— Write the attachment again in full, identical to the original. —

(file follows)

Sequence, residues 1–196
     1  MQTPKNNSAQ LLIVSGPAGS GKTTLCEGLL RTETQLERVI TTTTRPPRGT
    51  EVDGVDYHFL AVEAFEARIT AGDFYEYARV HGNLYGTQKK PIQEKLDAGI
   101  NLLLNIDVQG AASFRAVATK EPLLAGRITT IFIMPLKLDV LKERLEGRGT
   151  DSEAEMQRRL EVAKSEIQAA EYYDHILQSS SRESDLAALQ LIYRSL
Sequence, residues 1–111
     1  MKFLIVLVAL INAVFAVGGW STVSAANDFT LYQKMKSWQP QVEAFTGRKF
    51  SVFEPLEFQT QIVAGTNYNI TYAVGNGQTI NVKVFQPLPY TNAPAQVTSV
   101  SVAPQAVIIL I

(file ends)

Sequence, residues 1–196
     1  MQTPKNNSAQ LLIVSGPAGS GKTTLCEGLL RTETQLERVI TTTTRPPRGT
    51  EVDGVDYHFL AVEAFEARIT AGDFYEYARV HGNLYGTQKK PIQEKLDAGI
   101  NLLLNIDVQG AASFRAVATK EPLLAGRITT IFIMPLKLDV LKERLEGRGT
   151  DSEAEMQRRL EVAKSEIQAA EYYDHILQSS SRESDLAALQ LIYRSL
Sequence, residues 1–111
     1  MKFLIVLVAL INAVFAVGGW STVSAANDFT LYQKMKSWQP QVEAFTGRKF
    51  SVFEPLEFQT QIVAGTNYNI TYAVGNGQTI NVKVFQPLPY TNAPAQVTSV
   101  SVAPQAVIIL I